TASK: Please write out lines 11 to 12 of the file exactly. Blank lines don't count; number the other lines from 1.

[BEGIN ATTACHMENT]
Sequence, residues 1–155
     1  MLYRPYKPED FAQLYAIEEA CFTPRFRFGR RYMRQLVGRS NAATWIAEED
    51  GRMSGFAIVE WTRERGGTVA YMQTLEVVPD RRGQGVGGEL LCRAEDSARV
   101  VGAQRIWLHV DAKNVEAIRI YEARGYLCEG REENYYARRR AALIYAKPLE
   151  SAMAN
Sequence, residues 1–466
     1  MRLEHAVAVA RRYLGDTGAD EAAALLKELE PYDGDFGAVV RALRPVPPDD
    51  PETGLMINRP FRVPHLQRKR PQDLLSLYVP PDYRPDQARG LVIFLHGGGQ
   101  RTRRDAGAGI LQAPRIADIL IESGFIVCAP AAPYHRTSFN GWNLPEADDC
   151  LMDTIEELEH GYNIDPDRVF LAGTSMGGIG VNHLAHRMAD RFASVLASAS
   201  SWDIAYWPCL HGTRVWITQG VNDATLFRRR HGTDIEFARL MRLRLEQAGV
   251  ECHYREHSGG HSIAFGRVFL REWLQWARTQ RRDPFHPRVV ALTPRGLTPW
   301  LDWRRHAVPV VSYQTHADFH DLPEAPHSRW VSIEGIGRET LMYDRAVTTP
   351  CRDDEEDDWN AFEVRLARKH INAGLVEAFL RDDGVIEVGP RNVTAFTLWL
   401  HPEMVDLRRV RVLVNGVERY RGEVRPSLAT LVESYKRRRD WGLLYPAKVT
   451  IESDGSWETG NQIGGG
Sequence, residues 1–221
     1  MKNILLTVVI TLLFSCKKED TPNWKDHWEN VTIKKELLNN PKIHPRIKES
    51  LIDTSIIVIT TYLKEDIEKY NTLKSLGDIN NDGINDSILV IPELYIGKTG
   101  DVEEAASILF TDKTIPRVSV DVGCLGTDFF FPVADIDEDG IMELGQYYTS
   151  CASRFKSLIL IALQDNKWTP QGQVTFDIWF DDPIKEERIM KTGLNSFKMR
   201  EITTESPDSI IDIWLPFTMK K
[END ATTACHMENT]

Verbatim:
   201  SWDIAYWPCL HGTRVWITQG VNDATLFRRR HGTDIEFARL MRLRLEQAGV
   251  ECHYREHSGG HSIAFGRVFL REWLQWARTQ RRDPFHPRVV ALTPRGLTPW